May 31, 2018, by Simon Langley-Evans
Spotlight on Christie Siettou- Assistant Professor in Agriculture
In the latest of our profiles of career pathways of colleagues in the School of Biosciences, Dr Christie Siettou, Assistant Professor in Agriculture, speaks about her academic development and the challenges that she has hurdled on her way to her role in the School.
What was your career pathway leading to your current role?
One of the first seminars I attended as an undergrad in Greece was about ‘The determinants of having a successful career’ and as I sat in the lecture theatre I heard a panel of three men say that the factors that hinder career prospects are: being female (√), coming from a one parent family (√ – my dad passed away when I was young), coming from a low income family ( √ – mom’s salary three kids), and belonging to a minority (the only factor unchecked but I did think to myself…oh my goodness…I’m left-handed!). At that point I decided that I needed to further my qualifications. I sought to do a masters in my field of interest (Agri-Environmental Economics). At that time Greece didn’t offer such a course so I had to go abroad. I decided the UK was the best place to study. While studying for my masters, I developed a particular interest in Animal Welfare. I was told that it would be too big of a topic to tackle as a masters’ dissertation and that I should think about doing a PhD on it. I remember, I timidly knocked on Prof. Rob Fraser’s office door to ask if he would supervise me and he enthusiastically asked ‘When do you want to start?’! During my PhD, I worked as a Graduate Teaching Assistant and I thoroughly enjoyed teaching. I also had the opportunity to be the module convenor of an economics module gaining experience on curriculum development and on actually leading a module. Immediately after completing my PhD I got a Fellowship at Defra as an Animal Health Economist and while working there I saw the advertisement for this Assistant Professor position. I started working here the day after I completed my fellowship.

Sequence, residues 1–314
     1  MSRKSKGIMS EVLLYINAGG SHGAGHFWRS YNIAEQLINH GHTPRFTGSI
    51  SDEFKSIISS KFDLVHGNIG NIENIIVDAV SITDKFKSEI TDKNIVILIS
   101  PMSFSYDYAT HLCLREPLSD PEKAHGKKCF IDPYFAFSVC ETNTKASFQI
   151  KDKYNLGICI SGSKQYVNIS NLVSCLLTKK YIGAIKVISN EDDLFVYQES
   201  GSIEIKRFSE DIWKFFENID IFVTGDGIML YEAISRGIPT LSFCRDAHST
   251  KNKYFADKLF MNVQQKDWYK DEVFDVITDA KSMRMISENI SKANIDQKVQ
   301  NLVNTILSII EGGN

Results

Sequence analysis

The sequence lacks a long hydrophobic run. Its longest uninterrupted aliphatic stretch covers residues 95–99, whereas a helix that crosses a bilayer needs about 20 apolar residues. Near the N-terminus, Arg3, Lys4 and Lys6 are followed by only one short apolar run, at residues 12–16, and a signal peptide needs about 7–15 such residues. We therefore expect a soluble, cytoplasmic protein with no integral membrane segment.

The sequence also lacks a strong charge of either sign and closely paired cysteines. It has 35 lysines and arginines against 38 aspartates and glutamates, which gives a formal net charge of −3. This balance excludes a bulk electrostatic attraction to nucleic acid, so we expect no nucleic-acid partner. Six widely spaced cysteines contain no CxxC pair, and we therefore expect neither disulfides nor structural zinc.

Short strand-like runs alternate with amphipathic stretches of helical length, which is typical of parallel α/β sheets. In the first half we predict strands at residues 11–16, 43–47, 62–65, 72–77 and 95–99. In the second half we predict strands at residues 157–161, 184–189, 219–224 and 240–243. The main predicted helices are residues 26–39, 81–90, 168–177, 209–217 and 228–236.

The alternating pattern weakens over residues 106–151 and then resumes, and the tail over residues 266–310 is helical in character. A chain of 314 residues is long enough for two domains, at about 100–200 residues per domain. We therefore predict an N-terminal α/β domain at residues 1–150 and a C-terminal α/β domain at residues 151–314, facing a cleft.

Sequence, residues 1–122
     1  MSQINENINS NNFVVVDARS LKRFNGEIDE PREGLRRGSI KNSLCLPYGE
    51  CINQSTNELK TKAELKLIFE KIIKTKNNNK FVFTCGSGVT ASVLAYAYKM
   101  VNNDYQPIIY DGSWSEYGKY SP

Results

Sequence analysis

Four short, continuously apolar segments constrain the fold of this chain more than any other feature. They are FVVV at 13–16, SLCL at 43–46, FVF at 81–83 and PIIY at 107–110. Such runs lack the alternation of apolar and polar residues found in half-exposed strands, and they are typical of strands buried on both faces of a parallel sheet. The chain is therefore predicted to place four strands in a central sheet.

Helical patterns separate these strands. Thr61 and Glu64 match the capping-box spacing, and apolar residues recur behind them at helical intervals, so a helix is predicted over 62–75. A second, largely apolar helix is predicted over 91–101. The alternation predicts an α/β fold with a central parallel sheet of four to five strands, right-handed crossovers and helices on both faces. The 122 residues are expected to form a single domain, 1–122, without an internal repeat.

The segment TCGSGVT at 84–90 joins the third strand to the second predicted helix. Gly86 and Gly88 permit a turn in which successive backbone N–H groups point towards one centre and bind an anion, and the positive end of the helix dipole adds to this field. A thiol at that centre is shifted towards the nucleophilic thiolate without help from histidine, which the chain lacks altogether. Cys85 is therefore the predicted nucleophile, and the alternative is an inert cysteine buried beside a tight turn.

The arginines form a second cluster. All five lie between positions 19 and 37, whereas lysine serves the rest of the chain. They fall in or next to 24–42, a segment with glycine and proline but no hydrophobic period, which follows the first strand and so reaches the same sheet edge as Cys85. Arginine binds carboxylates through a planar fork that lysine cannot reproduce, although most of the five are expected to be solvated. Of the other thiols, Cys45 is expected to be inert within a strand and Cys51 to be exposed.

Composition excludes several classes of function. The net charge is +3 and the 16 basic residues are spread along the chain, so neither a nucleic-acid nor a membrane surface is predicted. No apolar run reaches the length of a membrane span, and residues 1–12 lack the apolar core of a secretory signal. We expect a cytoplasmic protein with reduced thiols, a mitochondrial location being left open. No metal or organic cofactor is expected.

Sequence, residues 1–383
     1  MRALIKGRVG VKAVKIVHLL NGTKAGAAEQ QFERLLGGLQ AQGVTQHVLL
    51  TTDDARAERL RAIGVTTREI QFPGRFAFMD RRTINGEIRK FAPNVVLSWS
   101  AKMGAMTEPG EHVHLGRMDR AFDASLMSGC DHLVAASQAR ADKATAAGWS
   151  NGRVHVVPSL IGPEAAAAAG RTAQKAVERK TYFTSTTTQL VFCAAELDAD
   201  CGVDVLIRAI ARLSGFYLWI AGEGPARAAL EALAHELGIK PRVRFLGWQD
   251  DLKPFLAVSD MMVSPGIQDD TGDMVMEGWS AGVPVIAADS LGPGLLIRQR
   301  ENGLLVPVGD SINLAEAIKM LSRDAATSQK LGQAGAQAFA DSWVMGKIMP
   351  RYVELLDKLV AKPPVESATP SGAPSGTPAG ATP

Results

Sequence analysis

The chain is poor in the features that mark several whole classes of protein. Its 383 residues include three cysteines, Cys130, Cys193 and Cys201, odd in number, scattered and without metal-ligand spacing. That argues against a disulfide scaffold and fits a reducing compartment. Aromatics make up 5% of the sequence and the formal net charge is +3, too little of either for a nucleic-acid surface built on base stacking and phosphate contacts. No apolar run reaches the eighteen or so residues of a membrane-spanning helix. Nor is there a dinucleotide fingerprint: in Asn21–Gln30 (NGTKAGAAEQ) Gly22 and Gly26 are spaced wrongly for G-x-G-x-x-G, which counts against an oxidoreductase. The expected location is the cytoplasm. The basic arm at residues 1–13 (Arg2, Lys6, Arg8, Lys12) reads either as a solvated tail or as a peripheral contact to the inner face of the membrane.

What challenges did you encounter along the way?
The first challenge was the financial one. In order to be able to study for a masters I had to first have the funds for it! So whilst completing my final undergraduate year I worked three jobs (one full-time and two part-time jobs). The financial challenge rose again when I decided to undertake a PhD, I had applied for a Doctoral Scholarship (which included a maintenance grant) had that not been successful – I wouldn’t have undertaken the PhD. And again, I was up against the financial challenge during my fellowship as I was paid in milestones (but try telling that to the estate agency!). The other challenge was living a nomad life in a foreign country. In the nine years that I have been living here, I have changed seven addresses! I literally lived out of a suitcase (easy to transport and cheaper removal costs too!).
How did you overcome those challenges?
Both challenges were overcome by the same solutions: good planning and supportive family and friends. As mentioned I planned ahead for every step. The only hiccup was the fellowship as I didn’t realize how far away the first milestone would be! Thankfully, I had economized while doing my PhD and had some money saved that lasted me a few months. Once money got tight (and train services were too expensive so had to commute daily by bus in and out of London) friends and family were the heroes of the day! My mom offered to pay a couple of months’ rent and a friend that lives in London took me in so I wouldn’t need to commute for a while. Finally payday came. Also, living as a nomad isn’t easy but thankfully, I have established good friendships that offer much appreciated help when needed.
Have there been any specific people or actions that you have found supportive in developing your career?
First and foremost, Prof. Rob Fraser. While standing in front of his door I had told myself that if he declined in supervising my PhD I wouldn’t pursue it further. I didn’t really have my heart set on doing a PhD – it was more of a ‘why not?’ opportunity. And again, it was Rob who forwarded me the ad of the Defra Fellowship thinking I was suitable for this position and that I should apply for it. Despite the financial challenge that was tied with the fellowship, this opportunity really enhanced my skills and understanding of UK agriculture economics and policy which I think may have been instrumental in my securing my current post. Secondly, my colleagues here as not only I learn from them every day but they also have the confidence in me to take up tasks and duties.
If you could give advice to your younger self, what would you say about developing your career?
I would advise her to take up foreign languages, they are sure to come in handy and open more opportunities for you in the future. Your older self would have thanked you for putting the effort because she dreads putting the effort now!